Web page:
Mama Fang held everyone’s wallets, passports, and their cash in the safe in her office, part of her pledge to take care of every detail. That meant Scarlett couldn’t pay for the fare and couldn’t leave the country. And if she asked Boss Yeung for a ticket, he’d refuse.
Scarlett Chen becomes pregnant by her lover and owner of the factory she works for, Boss Yeung. A self-made successful business man with three daughters and a wife yearns for what men in China want, an heir, a son to carry on his success. Daughters always end up being more like their mothers, belonging to them, then to another family. “When told they were having a boy, Boss Yeung had bowed his head and clasps his hands to his mouth, speechless.” When an ultrasound reveals Scarlett is carrying a treasured boy, he sends her to America so that his son will be born free, with every opportunity Americans have, a limitless future! Scarlett knows that she can’t risk telling her own Ma, who works at a family planning clinic that she, an unmarried woman, is pregnant. Not when one-child policies are enforced, pregnancies tracked. She would lose her job, the very job that despite its bitterness, afforded Scarlett and her mother a living, survival.
Through an arrangement with Mama Fang, who has her own entangled history, Scarlett stays at Perfume Bay with other expectant mothers eating terrible food, fighting with other women and thinking about Boss Yeung and her child’s future. Then a new sonogram gives her shocking news that she fears will change any love Boss Yeung has for her ending his support, it is vital she escapes before she gives birth, or the future she imagined will go up in smoke. One night she escapes, only to discover teenaged Daisy, another unwed mother, in the van she steals. Daisy, born in America but returned to Tawaiin when she was 2 months old, is suffering her own broken heart, kept from her child’s father William whom she met in Teipei during a summer language program. She wants nothing more than to get a message to him, being kept apart by her parents. What if, however, he never really loved her as much as she believed? Daisy is educated, and seems priveladed but her own reason for running is just as desperate. Despite their differences, both of their fates hinge on their cultures and the demands of others- both need each other desperately. In a sense, Scarlett mothers Daisy, and does everything she can with an interesting cast of characters to keep their American dream alive. It takes more than intelligence and hope, it takes humility and hard work, and the aid of strangers, a sort of make-shift family. They begin with nothing, invisible to people in San Francisco, fighting for their place within the community of Chinatown, where not everyone is eager to aid their own people. Old Wu and Scarlett build a unique relationship, which I really enjoyed more than her relationship with Boss Yeung. Scarlett using her own terrible cooking to persuade Wu to help her is funny. Always appeal to a man’s ego. Who knew food cart wars could be so dangerous, but when you’re hiding and can’t call attention to yourself for fear of deportation, well… Something that made me laugh and cringe with its pettiness was the flyer placed next to her food cart, a picture of her with wet hair, a photo of a blurry rat beside her and the accusation of ground rodent meat. You have to laugh at the inventiveness of street competitors, maybe as cut throat and fierce as big businesses.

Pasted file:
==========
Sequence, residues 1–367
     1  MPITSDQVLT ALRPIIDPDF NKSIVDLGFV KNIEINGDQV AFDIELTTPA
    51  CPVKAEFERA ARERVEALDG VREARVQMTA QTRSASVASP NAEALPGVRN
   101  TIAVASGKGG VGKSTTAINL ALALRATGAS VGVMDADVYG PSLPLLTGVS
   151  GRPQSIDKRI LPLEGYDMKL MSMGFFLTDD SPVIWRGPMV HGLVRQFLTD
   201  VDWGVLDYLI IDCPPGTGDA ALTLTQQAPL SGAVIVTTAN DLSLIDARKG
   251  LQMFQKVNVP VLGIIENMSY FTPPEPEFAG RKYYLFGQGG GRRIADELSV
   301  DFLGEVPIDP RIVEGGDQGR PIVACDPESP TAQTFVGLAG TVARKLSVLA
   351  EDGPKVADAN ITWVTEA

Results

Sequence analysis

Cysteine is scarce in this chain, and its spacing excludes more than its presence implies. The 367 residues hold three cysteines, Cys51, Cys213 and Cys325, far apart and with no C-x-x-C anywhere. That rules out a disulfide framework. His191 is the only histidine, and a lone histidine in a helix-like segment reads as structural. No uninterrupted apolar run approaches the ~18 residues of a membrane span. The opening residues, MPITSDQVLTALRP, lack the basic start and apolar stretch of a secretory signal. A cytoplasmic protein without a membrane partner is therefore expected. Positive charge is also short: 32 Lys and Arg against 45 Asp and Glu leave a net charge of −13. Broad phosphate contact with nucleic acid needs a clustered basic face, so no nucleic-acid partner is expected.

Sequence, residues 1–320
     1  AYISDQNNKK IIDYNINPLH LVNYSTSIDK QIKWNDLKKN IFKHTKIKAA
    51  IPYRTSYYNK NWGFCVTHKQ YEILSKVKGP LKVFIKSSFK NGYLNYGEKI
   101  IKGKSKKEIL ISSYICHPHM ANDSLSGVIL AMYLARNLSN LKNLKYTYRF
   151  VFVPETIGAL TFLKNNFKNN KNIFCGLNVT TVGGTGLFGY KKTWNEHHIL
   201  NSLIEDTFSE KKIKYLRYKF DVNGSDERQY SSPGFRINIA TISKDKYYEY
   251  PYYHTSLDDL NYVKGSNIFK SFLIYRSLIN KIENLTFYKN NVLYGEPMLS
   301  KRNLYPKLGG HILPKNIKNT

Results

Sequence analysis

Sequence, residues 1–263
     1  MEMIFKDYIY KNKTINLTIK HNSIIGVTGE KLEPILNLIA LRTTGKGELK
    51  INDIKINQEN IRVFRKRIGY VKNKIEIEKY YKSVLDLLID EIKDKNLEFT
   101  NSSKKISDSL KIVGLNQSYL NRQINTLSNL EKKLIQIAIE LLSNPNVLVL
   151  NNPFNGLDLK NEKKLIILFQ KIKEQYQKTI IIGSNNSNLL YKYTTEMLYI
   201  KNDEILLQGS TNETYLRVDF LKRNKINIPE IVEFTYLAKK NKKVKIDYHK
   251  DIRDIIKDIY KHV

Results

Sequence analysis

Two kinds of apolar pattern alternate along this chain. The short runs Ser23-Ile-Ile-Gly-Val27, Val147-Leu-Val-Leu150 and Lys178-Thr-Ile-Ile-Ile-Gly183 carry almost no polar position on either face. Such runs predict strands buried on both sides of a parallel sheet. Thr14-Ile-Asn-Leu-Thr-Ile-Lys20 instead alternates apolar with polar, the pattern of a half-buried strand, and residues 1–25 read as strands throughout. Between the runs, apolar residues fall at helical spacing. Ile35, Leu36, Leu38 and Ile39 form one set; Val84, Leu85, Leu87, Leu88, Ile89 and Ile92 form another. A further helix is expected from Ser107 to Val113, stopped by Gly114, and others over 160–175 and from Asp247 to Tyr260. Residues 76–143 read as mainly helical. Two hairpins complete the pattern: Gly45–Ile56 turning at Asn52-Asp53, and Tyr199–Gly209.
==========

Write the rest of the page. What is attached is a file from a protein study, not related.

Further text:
Mama Fang isn’t one to crumble nor fall when any of her businesses collapse. Naturally Boss Yeung is shocked to find out the state of the place he had sent his lover, and find her missing. Mama Fang’s back story is maybe more heartbreaking than both Scarlett and Daisy’s. A woman as strong as her always has more ideas waiting in the wings, always several steps ahead of the game, the only way she has survived for so long. Boss Yeung has his own story of betrayal, and his daughter Viann born to a successful father has her own goals, certainly it doesn’t include being usurped by a bastard son? Everyone has secrets, rich and poor alike, each trying to outmaneuver equally wily foes. What if one’s enemy is a lover, family or best friend?
The criminal acts expose how immigrants in desperation put their trust, all their money and faith into the hands of dubious people. How those with power manipulate and abuse those with none. Certainly the world is full of opportunists that target immigrants as cash cows and see them not as real people escaping horrifying bleak futures. You can’t outrun those with money and power, despite what continent you are on. Each person wants nothing more than to build a life for themselves and their family, and even if people like Scarlett’s Ma or even Mama Fang don’t agree with the morality of their job, sometimes there is no choice but to comply. Whether it’s Boss Yeung coming up from nothing to become a wealthy man in his own country, or Scarlett changing the trajectory of her own life, each changed their fate. The ending is not quite as I expected, I think I expected more shock after all the build up but it’s a solid novel. There were slow periods but things always picked up. This is a story about cultural obligations and the immigrant experience, which is varied and can end in tragedy or glorious fortune. It’s strange to think about the lives of others, continuing alongside our own, that remain invisible for the most part. A River of Stars is just one such experience, a drop in the ocean of many.
Publication Date: August 14, 2018